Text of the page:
FLAVIO BOLSONARO, Brazil’s recently elected president, chose as his campaign theme “Brazil above everything, God above everybody.” The first phrase is a shout from his days as a military parachutist and the second a nod to the growing power and influence of evangelicals in Brazil.
According to the 2010 Brazilian census, evangelicals—who control extensive media networks and are increasingly involved in politics—make up 22 percent of the population, up from only 9 percent two decades earlier.
Churches such as the Assemblies of God and the prosperity gospel-influenced Universal Church of the Reign of God have used various forms of media to reach larger audiences, starting with local radio stations in the 1960s and 1970s. In 1989, the Universal Church bought a national television network, Rede Record. It is now the second largest network in Brazil and strongly supports Bolsonaro. Today the Universal Church owns more than 20 television stations and 50 radio stations, as well as publishing companies and studios.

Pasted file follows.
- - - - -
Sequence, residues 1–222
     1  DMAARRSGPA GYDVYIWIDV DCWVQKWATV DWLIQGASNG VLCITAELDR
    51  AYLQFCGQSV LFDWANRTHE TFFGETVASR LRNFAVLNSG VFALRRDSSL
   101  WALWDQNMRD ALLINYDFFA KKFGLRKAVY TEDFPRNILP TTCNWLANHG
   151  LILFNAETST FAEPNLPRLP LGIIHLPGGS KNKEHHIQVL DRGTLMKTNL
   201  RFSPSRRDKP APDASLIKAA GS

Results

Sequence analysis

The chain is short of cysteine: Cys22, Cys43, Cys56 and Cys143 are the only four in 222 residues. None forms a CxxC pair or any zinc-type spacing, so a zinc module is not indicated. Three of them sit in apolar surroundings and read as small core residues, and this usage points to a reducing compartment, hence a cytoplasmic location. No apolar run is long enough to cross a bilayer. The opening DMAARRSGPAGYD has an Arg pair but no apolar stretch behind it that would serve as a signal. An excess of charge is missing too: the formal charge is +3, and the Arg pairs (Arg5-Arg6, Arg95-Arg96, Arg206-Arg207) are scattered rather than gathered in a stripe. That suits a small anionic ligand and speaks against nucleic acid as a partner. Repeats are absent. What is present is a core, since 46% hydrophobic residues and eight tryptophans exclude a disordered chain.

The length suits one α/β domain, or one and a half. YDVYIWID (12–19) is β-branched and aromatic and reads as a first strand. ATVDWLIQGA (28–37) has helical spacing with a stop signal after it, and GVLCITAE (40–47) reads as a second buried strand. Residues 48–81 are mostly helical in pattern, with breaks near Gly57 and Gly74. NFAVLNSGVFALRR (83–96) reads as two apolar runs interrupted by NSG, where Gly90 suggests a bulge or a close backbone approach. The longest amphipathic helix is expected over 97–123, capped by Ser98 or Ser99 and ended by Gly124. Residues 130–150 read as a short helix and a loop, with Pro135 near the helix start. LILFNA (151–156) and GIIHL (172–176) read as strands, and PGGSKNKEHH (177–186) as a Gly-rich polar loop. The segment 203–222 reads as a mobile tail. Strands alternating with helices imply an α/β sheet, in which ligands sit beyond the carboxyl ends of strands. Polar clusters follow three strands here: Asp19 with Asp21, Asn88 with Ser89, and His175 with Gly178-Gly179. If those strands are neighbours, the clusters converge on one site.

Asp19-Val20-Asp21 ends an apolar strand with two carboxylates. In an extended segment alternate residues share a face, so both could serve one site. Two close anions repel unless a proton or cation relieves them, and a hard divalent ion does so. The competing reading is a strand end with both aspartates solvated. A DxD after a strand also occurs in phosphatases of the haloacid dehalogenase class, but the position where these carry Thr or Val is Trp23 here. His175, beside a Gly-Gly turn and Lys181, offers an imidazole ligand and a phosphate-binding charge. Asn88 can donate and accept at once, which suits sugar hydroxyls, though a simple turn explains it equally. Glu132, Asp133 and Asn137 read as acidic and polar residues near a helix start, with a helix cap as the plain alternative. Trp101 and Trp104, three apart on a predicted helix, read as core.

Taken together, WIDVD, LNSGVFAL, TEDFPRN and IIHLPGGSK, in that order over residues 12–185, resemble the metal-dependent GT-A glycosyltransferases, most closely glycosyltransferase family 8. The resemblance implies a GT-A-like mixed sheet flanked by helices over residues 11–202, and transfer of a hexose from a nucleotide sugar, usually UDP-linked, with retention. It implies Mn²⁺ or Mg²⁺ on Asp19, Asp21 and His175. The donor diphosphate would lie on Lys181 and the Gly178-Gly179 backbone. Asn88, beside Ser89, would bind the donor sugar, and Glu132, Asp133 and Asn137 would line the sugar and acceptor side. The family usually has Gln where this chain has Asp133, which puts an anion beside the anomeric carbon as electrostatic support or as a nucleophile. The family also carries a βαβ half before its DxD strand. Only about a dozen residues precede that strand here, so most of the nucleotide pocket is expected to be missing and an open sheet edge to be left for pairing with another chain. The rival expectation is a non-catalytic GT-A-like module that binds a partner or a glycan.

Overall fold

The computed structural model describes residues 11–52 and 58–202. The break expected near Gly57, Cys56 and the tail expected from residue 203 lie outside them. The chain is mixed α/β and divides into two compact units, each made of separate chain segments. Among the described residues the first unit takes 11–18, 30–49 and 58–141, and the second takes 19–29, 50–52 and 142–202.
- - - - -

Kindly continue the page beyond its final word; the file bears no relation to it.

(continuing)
In 1986, when the first election after 20 years of military dictatorship was held, the number of Protestant lawmakers jumped to 36, with 20 Pentecostals joining the evangelical caucus. For the first time, a journalist used the term Bancada da Biblia (Bible Bench). Since then, the number of evangelicals has increased in each Congress, except in 2006 when several were involved in scandals ranging from a payment-for-votes scheme to the “Bloodsuckers Operation” that uncovered hospital payment fraud.